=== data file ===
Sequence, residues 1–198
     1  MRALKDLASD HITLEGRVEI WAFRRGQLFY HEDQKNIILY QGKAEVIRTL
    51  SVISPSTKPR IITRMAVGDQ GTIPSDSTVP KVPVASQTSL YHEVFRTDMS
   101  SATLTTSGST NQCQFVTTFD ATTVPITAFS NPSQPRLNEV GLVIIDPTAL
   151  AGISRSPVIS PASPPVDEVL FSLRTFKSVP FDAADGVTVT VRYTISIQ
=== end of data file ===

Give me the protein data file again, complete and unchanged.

Sequence, residues 1–198
     1  MRALKDLASD HITLEGRVEI WAFRRGQLFY HEDQKNIILY QGKAEVIRTL
    51  SVISPSTKPR IITRMAVGDQ GTIPSDSTVP KVPVASQTSL YHEVFRTDMS
   101  SATLTTSGST NQCQFVTTFD ATTVPITAFS NPSQPRLNEV GLVIIDPTAL
   151  AGISRSPVIS PASPPVDEVL FSLRTFKSVP FDAADGVTVT VRYTISIQ